Seymour Stein Dies: Sire Records Co-Founder Who Launched Madonna, Talking Heads & The Ramones Was 80April 3, 2023
Seymour Stein, the founder of Sire Records who launched the recording careers of Madonna, the Ramones, Talking Heads and the Pretenders, died Sunday of cancer in Los Angeles. He was 80.
His death was announced by his daughter Mandy Stein.
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A hugely influential force on the American pop and rock music scene since the 1970s, Stein and his Sire Records, founded in 1966, made their first chart impact in 1973 with the oddball million-seller “Hocus Pocus,” a song by Dutch band Focus that featured the unlikely combination of hard rock and yodeling.
But it was New York’s downtown punk scene, centered on bars and clubs such as CBGB and the Mudd Club, that propelled Stein, along with then wife Linda Stein, into the forefront of rock’s new wave of music makers. After Linda Stein attended a 1975 performances of the Ramones at the Lower East Side dive CBGB, Seymour Stein signed the band to Sire, initiating the label’s connection to the downtown scene.
Although the self-titled Ramones album was not a commercial hit upon its 1976 release, Sire held steadfast to the up-and-coming new wave of musicians, soon signing Mudd Club regulars Talking Heads and the Chrissie Hynde-led American-British hybrid Pretenders, both bands destined for major commercial success and the Rock and Roll Hall of Fame. Sire would have its first No. 1 hit in 1979 with the quirky New Wave song “Pop Muzik” by M and hit the charts again in 1981 with Soft Cell’s “Tainted Love.”
Stein most successful signing came in 1983, when Sire signed the then-unknown Madonna to a deal that would produce three No. 1 albums and 10 No. 1 singles. Madonna left Sire in 1992 to start her Maverick label.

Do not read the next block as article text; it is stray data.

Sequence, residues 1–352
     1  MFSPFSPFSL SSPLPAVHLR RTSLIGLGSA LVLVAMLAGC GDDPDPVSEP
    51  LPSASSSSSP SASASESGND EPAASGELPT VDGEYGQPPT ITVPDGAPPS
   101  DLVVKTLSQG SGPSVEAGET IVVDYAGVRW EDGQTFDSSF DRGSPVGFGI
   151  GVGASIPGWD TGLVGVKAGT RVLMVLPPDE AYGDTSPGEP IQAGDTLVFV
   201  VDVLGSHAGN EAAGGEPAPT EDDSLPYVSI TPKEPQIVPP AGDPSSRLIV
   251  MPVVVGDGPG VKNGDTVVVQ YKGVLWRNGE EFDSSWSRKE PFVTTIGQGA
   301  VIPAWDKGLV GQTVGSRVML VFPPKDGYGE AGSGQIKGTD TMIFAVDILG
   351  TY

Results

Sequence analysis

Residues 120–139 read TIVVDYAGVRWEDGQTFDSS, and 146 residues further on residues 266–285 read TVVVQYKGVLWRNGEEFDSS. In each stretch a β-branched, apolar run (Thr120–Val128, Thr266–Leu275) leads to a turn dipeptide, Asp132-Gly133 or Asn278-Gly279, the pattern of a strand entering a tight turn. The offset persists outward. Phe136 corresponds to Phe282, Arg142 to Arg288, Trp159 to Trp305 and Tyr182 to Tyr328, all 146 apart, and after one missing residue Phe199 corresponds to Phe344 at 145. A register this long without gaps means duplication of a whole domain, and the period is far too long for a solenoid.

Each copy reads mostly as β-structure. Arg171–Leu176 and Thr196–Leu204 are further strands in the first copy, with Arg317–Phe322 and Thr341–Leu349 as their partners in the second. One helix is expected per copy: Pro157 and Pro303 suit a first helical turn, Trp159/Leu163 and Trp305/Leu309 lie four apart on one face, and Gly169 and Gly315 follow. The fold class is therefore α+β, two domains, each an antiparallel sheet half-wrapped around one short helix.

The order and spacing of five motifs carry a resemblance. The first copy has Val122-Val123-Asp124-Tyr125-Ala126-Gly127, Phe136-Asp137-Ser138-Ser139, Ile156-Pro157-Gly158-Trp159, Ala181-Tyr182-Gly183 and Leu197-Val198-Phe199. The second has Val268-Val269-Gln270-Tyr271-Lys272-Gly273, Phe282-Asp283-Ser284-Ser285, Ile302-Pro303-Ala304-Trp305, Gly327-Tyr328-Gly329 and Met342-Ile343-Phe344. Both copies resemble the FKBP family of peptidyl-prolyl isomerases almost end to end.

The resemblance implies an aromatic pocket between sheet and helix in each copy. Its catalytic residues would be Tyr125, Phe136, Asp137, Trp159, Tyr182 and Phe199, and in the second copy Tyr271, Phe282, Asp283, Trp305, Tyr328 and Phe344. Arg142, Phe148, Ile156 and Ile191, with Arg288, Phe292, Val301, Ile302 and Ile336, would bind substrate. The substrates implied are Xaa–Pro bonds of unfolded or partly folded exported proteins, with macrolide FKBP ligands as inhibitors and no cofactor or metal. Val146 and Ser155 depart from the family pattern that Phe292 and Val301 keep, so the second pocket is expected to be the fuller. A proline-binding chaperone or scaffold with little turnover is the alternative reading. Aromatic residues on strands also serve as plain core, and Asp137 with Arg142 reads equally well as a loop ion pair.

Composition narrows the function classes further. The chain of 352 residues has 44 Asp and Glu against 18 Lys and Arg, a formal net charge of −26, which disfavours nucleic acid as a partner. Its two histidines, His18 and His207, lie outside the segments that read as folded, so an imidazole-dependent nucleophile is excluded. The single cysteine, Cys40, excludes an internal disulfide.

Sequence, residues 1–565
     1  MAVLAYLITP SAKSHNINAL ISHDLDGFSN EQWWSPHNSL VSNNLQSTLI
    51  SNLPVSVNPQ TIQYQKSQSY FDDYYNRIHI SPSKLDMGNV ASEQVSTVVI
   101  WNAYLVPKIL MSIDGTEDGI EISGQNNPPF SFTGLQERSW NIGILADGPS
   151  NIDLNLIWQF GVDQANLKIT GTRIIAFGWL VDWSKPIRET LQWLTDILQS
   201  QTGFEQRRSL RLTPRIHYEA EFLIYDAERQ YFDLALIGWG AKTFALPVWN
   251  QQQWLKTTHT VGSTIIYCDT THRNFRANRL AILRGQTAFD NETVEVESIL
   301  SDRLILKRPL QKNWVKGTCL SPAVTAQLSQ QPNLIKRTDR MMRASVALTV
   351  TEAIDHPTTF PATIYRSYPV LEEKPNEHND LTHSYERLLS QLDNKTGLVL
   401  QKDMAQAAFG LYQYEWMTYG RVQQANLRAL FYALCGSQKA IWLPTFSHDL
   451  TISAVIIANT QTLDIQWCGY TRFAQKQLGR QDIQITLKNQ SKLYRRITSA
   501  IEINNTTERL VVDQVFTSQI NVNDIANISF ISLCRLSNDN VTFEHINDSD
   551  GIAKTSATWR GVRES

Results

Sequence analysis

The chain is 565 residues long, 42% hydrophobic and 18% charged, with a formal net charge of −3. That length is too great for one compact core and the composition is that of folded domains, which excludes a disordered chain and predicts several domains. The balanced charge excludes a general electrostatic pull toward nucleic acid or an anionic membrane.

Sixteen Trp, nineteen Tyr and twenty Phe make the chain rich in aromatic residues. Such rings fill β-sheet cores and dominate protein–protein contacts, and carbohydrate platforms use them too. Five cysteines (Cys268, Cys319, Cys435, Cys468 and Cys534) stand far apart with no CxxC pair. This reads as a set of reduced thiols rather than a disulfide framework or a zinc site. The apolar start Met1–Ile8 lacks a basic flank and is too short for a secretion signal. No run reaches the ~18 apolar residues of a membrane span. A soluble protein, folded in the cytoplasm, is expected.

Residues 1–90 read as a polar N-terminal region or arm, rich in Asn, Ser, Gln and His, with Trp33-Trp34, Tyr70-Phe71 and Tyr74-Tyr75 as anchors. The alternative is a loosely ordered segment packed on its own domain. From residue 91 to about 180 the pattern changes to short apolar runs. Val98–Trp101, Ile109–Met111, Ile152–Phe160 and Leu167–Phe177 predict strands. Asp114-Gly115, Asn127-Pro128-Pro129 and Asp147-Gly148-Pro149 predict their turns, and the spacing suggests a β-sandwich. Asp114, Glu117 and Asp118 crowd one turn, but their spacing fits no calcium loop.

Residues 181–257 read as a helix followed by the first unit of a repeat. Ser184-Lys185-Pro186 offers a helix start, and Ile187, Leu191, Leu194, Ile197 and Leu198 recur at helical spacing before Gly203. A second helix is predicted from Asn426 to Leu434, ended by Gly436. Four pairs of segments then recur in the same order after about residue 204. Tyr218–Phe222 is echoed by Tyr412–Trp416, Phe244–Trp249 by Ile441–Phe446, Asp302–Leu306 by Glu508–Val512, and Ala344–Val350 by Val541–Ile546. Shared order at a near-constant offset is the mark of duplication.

Other acts signed and championed by Stein include Cyndi Lauper, Barenaked Ladies, the Cure, Depeche Mode, the Smiths, Ice-T, Seal, k.d. lang, the Replacements, Everything but the Girl, My Bloody Valentine and Men Without Hats, among others.
Stein was a co-founder of the Rock and Roll Hall of Fame Foundation in 1983 and was inducted into the Rock Hall as a nonperformer in 2005. He retired in 2018.
Born Seymour Steinbigle on April 18, 1942, in Brooklyn, Stein began his music industry career after high school by taking a junior position at Billboard, then working at Cincinnati’s King Records and Red Bird Records, the latter a label founded by Jerry Leiber and Mike Stoller that had a No. 1 hit in 1964 with the Dixie Cups’ “Chapel of Love.”
Stein’s marriage to Linda Stein ended in the late 1970s (he came out as gay in a 2017 memoir). Linda Stein, who became a co-manager of the Ramones and later a New York City real estate agent, was murdered by a former assistant in 2007.
Stein is survived by daughter Mandy, a filmmaker whose credits include the 2009 documentary Burning Down the House: The Story of CBGB; three grandchildren; and a sister. He was preceded in death by daughter Samantha Jacobs.
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